“At the restaurant now when you pull up and receive your meal, it’s really one customer at one window,” Wolfe said. “What we have found most effective in our business now is to take out the window and install a sliding door and then a meal fulfillment zone. Instead of one guest receiving one meal at one window, there’s a drive-through door and team members can move out via the crosswalk into the team member zone.”

Chick-fil-A is seeking side and rear yard setback variances for the canopies and for rear yard screening requirements.

The plan also proposes a 400-square-foot building expansion to increase kitchen capacity.

“This is really geared to increase our production capacity and speed of service,” Wolfe said.

The project also would involve a “brand image refresh” for the property, with updated interior finishes, seating and signage.

The State College area is hardly alone in seeing traffic issues from a Chick-fil-A property.

Wolfe said prior to the COVID-19 pandemic, about 50% of the company’s transactions were at drive-throughs. That increased substantially during the pandemic and has continued even as dining rooms reopened.

“We were able to take some of the [things] that we have learned through COVID, one of them being that this dual drive through concept,” Wolfe said. “We had a couple locations where we tried it out early on. I think the first one I did was June or July of 2020 and it was an immediate success, an immediate impact on throughput but then also that impact on throughput translated back into our ordering capacity, back into stacking on site.”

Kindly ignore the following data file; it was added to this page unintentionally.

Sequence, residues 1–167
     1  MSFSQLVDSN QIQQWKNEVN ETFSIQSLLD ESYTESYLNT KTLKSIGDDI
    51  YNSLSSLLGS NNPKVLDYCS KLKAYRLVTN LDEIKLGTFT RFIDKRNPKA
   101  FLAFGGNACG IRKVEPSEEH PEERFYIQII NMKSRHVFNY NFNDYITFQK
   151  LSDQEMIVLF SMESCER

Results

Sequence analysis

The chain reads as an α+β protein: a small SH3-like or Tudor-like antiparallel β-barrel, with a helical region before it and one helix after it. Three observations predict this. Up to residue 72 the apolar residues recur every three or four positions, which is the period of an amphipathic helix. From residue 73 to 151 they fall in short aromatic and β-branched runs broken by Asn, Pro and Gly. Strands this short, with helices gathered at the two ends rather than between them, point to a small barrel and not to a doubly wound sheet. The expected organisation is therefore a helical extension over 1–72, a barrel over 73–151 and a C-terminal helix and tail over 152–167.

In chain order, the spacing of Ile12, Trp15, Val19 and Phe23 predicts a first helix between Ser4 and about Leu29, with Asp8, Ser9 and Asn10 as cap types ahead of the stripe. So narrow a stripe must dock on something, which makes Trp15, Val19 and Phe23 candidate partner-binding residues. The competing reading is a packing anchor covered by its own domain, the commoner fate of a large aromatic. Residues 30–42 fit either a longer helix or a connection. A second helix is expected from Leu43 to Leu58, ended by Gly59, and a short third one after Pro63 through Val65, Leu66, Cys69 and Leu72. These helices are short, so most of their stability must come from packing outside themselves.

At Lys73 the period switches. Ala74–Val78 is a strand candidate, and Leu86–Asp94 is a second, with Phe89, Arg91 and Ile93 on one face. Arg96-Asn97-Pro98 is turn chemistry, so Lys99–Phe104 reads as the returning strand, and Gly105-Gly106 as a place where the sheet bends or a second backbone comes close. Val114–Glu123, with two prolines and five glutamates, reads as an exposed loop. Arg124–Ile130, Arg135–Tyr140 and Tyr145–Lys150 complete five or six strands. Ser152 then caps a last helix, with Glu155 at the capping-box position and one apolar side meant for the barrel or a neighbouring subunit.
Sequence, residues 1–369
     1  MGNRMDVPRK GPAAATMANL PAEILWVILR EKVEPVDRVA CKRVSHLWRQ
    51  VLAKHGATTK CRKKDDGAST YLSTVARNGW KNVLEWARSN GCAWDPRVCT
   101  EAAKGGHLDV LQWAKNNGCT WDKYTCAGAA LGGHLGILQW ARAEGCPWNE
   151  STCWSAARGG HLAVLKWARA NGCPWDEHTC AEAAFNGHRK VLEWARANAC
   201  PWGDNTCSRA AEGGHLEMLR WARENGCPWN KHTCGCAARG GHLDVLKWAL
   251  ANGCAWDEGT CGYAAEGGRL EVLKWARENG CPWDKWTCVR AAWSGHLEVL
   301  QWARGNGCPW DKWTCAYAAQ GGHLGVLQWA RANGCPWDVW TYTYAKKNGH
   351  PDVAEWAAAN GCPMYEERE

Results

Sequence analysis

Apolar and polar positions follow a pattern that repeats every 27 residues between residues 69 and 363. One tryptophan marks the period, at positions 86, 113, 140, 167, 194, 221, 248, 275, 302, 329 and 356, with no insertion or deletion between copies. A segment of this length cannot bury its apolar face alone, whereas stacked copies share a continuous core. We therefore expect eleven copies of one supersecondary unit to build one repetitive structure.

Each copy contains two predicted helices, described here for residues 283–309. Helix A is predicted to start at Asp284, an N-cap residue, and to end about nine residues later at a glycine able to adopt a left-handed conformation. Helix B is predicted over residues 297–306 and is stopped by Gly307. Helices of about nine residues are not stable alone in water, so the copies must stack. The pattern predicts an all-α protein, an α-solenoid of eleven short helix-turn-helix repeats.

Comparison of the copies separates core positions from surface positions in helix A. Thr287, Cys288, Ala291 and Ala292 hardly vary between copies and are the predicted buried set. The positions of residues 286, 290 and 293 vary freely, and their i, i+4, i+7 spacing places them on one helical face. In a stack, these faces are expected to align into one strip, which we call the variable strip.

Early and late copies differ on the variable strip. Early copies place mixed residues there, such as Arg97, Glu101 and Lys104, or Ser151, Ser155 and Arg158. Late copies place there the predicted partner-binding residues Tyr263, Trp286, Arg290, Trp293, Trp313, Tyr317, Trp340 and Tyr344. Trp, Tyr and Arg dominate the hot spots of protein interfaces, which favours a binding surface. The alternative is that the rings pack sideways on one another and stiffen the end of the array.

The proposed plan does not specifically address the left-turn issue on North Atherton Street, which PennDOT owns and would need to perform any structural changes. Wolfe said there were some discussions about installing a hard median, but concerns arose about impacts on businesses across the street.

Left-turning traffic was included in the traffic study, Wolfe said, and the additional drive-through capacity may alleviate the issue.

“I think we’re all on the same page of what we want,” Supervisor Elliot Abrams said. “We want the restaurant to continue to be successful, if not more successful, and we also want everybody in the township to be safe… Hopefully, what you’re planning there will actually eliminate or reduce the need for calling that left turn illegal. If you have two lanes to pick up the people and they can go through then it doesn’t matter that they’re coming in from the left. Let them.

“The only reason for restricting it is that you can get stuck there and if the traffic’s out on the first lane of the road to turn in from the correct way they can’t get through, and it’s just asking for an accident. This way you’ll be serving everybody faster, they’ll get their wonderful food faster and there will be less of a congestion there. So I just hope the plan does exactly that.”

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About the Author

Geoff Rushton (StateCollege.com)

Geoff Rushton is managing editor for StateCollege.com. Contact him at [email protected] or find him on Twitter at @geoffrushton.